A three-dimensional structure is required to deliver adequate numbers of epidermal keratinocytes to a wound, which is necessary for epithelialization and wound healing. Biodegradable microcarriers provide a temporary three-dimensional structure for cell adhesion and proliferation and help to form a three-dimensional skin substitute after delivery to a poorly vascularized wound. A biodegradable microcarrier-based suspension culture containing various cell types has also been reported to be a good alternative for effective ex vivo expansion [16]. It was found that isolated human epidermal keratinocytes cultured on CultiSpher-G microcarriers multiplied by 44.9-fold in a microcarrier-bioreactor culture in 17 days, whereas two-dimensional cultures reached confluence in 9 days and only expanded by 7.4-fold. Moreover, microcarrier-expanded epidermal keratinocytes retained their capacity to form an epidermis and exhibited a morphology similar to that of native skin [17]. In addition, it is possible to promote the proliferation and maturation of epidermal keratinocytes and melanocytes by adjusting the culture medium, such as through serum, epidermal growth factor (EGF), and fibroblast growth factor-basic (bFGF) supplements [18]. In this way, the fibroblasts in the microcarriers are inhibited by competition from other cell populations and provide a supportive in vitro environment for the expansion of epidermal keratinocytes and melanocytes [10]. It is speculated that the crosstalk between the fibroblasts, epidermal keratinocytes, and melanocyte in the microcarriers could facilitate epithelialization and have potential for full-thickness skin regeneration.

It seems that fibroblasts and the biodegradable microcarriers, as well as melanocytes, might provide a suitable growth niche for epidermal keratinocytes. One possible mechanism is the crosstalk between the fibroblasts, epidermal keratinocytes, and melanocytes via secreted factors [19–21], and via extracellular matrix (ECM) deposition [22]. The feeder cell culture system is an example that demonstrated that the epidermal keratinocyte stem cell phenotype depends on the interaction with fibroblasts. The fibroblasts are inhibited by competition from the surrounding epidermal keratinocytes and melanocytes, and serve as a source of growth factors and cytokines to support the functions of these epidermal keratinocytes and melanocytes, including transforming growth factor beta (TGF-β), keratinocyte growth factor (KGF), EGF, bFGF, and tumor necrosis factor-α (TNF-α), which bind to receptors and modulate intracellular signaling cascades related to the epidermal keratinocyte and melanocyte proliferation and functions [19–21]. Such cascades include Wnt/β-catenin, PI3K/Akt, and the MAPK/ERK signaling pathway [19,23]. In addition, there is a stronger increased secretion of IL-6 (Interleukin-6) [24], TGF-β [25], collagenases, MMP-3 (matrix metallopeptidase 3), and TIMPs (tissue inhibitors of metalloproteinases) [26] in epidermal keratinocyte–fibroblast co-cultures in comparison to monocultures, which has been shown to stimulate epidermal keratinocyte proliferation, differentiation, and ECM deposition [22]. Another possible mechanism is the crosstalk between fibroblasts, epidermal keratinocytes, and melanocytes via extracellular vesicles (EVs) from those cells. EVs have been implicated in many mechanisms, such as cell–stroma interactions and angiogenesis [27,28]. It is reported that fibroblasts can produce EVs that can stimulate mesenchyme growth when cultured with serum or plasma [29]. On the other hand, exosomes derived from keratinocytes can not only stimulate fibroblast migration and promote wound healing [30], but also modulate pigmentation in melanocytes [31].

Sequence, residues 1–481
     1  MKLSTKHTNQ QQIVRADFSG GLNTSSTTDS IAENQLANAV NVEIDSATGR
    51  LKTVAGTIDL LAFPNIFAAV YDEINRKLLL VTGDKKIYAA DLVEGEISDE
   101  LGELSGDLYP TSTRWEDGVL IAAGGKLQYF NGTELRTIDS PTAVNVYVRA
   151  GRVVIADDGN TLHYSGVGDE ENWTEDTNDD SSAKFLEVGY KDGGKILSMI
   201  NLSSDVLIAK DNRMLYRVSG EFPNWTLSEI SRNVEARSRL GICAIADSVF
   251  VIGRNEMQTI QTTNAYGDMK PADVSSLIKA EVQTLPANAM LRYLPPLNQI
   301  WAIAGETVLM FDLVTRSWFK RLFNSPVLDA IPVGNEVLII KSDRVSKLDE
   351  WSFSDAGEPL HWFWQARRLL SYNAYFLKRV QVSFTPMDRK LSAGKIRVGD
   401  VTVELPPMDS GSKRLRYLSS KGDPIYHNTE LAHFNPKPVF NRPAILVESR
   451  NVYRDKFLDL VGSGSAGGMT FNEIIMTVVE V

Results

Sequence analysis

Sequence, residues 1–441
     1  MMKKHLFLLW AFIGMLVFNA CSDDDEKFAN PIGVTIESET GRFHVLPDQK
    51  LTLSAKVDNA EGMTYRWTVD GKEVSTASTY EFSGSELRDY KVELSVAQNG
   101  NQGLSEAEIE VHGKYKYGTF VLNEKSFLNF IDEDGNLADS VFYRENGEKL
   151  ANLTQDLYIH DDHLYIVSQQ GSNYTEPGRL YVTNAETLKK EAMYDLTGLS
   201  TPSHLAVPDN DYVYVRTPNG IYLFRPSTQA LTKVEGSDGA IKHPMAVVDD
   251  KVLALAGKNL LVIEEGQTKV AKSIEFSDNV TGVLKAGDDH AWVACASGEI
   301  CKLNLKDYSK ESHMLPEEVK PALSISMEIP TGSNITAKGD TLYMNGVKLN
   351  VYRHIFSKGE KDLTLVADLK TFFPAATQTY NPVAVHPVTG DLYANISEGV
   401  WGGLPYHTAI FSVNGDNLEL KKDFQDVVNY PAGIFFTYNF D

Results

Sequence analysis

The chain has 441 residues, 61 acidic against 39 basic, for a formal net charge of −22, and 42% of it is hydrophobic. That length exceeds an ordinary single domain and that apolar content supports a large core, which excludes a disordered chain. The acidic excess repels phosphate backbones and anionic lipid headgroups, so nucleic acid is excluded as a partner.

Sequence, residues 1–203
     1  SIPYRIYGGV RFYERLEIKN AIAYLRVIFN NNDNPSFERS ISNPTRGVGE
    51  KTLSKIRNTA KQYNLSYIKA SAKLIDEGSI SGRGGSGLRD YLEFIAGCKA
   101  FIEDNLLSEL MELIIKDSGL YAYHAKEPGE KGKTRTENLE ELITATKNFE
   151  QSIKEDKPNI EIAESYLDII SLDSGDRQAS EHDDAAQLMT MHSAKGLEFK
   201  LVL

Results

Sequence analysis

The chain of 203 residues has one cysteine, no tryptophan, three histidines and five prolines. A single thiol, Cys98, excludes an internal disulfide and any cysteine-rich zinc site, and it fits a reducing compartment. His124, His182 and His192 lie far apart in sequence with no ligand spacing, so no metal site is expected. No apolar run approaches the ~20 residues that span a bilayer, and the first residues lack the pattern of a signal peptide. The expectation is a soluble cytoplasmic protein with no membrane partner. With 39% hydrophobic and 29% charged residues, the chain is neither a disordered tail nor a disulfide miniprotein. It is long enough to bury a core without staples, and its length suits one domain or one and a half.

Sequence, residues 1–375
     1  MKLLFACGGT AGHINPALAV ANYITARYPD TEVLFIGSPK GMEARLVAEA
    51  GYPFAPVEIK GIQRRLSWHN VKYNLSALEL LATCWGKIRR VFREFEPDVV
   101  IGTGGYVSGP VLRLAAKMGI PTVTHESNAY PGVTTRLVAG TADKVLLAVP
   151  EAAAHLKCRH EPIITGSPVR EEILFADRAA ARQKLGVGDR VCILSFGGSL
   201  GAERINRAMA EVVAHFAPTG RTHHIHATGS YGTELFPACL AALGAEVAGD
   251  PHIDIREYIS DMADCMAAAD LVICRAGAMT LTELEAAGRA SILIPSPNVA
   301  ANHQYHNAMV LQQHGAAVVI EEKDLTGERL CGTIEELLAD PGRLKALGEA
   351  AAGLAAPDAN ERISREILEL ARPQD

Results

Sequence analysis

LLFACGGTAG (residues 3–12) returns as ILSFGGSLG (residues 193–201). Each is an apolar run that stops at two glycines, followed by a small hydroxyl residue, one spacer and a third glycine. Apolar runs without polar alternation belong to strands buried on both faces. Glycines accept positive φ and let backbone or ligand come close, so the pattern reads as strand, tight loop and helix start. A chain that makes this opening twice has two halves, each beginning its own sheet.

Conclusions

We present the novel concept of TESRUs as the smallest unit with complete full-thickness skin regeneration ability. TESRUs can potentially form and simultaneously deliver to the wound a mature skin microstructure to regenerate full-thickness skin, independent of scaffolds and vascularization. It is believed that TESRUs will provide a promising strategy in skin tissue engineering if a thorough understanding can be gained of the intimate interactions between the fibroblasts, epidermal keratinocytes, and melanocytes. However, further in vivo and clinical trials are still necessary.